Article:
Rosalind E. Krauss

By Krauss, Rosalind E. | Artforum International, December 2012 | Go to article overview

Rosalind E. Krauss

Krauss, Rosalind E., Artforum International

By the time William Rubin (1927-2006) became the magisterial director of the Department of Painting and Sculpture at the Museum of Modern Art in New York in 1973, the imprint left by Alfred H. Barr Jr.'s schema of modernist art's historical progression was hardwired into his brain. As he puts it in this anxiously awaited book on his career (A Curator's Quest: Building the Collection of Painting and Sculpture of The Museum of Modern Art, 1967-1988 [Overlook]), "I tried to travel ... in Alfred Barr's direction but at my own gait." Rubin's adherence to Barr's vision of the evolution of twentieth-century art as a teleology of form pervades the book much as it did his installation of the collection after the museum's expansion in 1984.

In her generous foreword to the volume, his widow, Phyllis Hattis Rubin, tells us, "Bill had envisioned a two-volume book, the first with an introductory essay describing his determined quest for acquisitions to perfect the Museum's collection and the second containing a selection of nearly 250 images of major acquisitions organized in groups to reflect the interlacing development of modernism in Europe and America." The hefty single-volume book that emerged instead is huge and unwieldy: For all of its beautiful color plates, looking through it is unfortunately a little too much like reading the Oxford English Dictionary on one's lap.


The book does, however, contain a memoir in which Rubin sketches his own career as art historian and relentless crusader on behalf of the museum's already synoptic collection. Among the many anecdotes in this "chronicle of collection building" is the story of how many of MOMA'S most famous works entered the collection. For example, it turns out that Barr and Rubin had together discussed Picasso's Guitar, 1914, as "ideal" for filling a gap in the museum's collection. In keeping with the spirit of the museum's policy of selling some of the works in its collection to pay for others, Rubin wished to persuade Picasso to part with Guitar in exchange for "a decent though undistinguished Cezanne L'Estaque from the early 1880s." He flew to Picasso's villa in France with the painting in hand--although once there, Rubin was surprised to learn that Picasso already owned a "wide and quite glorious" L'Estaque. (In a characteristic anecdote, Rubin comments: "I shall never forget Picasso rapping his knuckles on the center of the canvas. The dust flew and Picasso said in his heavily accented French something I probably remember because it rhymed, "Regardez la mer, c'est solide comme la Pierre" [Look at the sea, it is solid as a stone].) No exchange ocurred, but Picasso was evidently impressed and promptly gifted Guitar to the museum.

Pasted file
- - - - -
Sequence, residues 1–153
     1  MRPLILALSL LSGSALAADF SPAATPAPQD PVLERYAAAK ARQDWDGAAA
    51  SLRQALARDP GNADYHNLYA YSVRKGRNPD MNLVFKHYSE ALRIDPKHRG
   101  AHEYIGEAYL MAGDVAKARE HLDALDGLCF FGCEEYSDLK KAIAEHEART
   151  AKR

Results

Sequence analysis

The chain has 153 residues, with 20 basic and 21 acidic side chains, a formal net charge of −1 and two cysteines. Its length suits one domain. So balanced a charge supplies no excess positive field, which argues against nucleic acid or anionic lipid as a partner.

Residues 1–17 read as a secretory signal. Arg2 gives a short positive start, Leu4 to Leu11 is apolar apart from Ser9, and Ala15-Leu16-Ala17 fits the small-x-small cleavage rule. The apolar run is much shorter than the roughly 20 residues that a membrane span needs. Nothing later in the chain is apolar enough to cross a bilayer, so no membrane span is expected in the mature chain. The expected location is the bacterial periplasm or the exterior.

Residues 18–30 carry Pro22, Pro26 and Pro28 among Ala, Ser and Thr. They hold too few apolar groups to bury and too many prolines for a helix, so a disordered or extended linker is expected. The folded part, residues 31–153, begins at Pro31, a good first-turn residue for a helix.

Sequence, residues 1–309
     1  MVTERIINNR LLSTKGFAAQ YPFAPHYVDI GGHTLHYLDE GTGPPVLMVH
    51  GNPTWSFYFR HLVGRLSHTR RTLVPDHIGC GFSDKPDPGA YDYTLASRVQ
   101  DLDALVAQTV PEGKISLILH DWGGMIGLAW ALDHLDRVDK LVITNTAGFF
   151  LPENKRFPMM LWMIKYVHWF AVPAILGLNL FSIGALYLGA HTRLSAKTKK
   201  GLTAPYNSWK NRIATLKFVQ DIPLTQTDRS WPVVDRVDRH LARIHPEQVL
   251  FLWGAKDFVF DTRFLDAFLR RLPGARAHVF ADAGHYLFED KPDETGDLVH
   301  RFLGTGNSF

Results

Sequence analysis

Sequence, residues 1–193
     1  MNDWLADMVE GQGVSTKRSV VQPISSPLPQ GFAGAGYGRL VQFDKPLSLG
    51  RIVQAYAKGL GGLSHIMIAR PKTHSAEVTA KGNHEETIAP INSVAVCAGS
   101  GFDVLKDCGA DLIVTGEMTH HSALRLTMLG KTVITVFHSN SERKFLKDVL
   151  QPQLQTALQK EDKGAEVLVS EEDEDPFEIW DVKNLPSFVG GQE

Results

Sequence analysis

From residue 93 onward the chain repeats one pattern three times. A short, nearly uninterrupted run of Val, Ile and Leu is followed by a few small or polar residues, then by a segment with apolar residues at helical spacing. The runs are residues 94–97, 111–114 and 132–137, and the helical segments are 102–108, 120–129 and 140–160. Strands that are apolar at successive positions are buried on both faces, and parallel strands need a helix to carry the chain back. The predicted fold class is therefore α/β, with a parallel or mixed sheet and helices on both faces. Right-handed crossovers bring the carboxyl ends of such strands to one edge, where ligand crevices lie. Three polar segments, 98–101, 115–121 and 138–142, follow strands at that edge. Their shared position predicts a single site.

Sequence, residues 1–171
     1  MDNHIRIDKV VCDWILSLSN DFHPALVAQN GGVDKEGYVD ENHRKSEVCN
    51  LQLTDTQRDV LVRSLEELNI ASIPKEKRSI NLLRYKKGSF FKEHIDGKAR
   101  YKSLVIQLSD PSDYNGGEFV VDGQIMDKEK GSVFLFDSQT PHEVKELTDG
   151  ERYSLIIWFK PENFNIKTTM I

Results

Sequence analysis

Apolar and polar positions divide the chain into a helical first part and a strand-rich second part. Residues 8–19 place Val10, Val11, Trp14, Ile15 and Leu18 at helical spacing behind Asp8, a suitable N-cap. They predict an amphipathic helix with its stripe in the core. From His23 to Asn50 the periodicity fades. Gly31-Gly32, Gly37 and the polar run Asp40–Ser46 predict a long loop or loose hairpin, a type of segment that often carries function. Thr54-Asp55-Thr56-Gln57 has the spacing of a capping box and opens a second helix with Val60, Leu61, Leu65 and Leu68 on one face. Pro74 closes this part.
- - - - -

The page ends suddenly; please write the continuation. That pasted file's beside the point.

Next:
Before becoming a curator, Rubin had taught at Sarah Lawrence College and amassed an impressive art collection that he showed in his New York loft (which was written up in Vogue in 1967). Photographs testify to his description of this space as "no less than a small museum," where he was able to show many major works of the New York School by such luminaries as Jackson Pollock, Adolph Gottlieb, Mark Rothko, and Clyfford Still, along with David Smith's Australia, 1951, which he later gave to MOMA. His taste reflected that of his friend Clement Greenberg in its inclusion of 1950s and '60s stain painting by the likes of Jules Olitski, Morris Louis, and Kenneth Noland; but it was also enlarged beyond the Greenbergian orthodoxy to sanction certain Minimalist paintings by Frank Stella and Ellsworth Kelly, as well as, in another direction, Pop works by Roy Lichtenstein and George Segal; and beyond them, Surrealist artists such as Andre Masson.

A year after the piece in Vogue, Rubin organized MOMA'S comprehensive 1968 exhibition "Dada, Surrealism, and Their Heritage." This show was an attempt to bring Dada and Surrealism into the fold: As he puts it here, the exhibition set out to demonstrate that "both movements--so alien to their immediate predecessors and successors--could nonetheless be profitably discussed within the received art-historical framework and vocabulary of modernism. …

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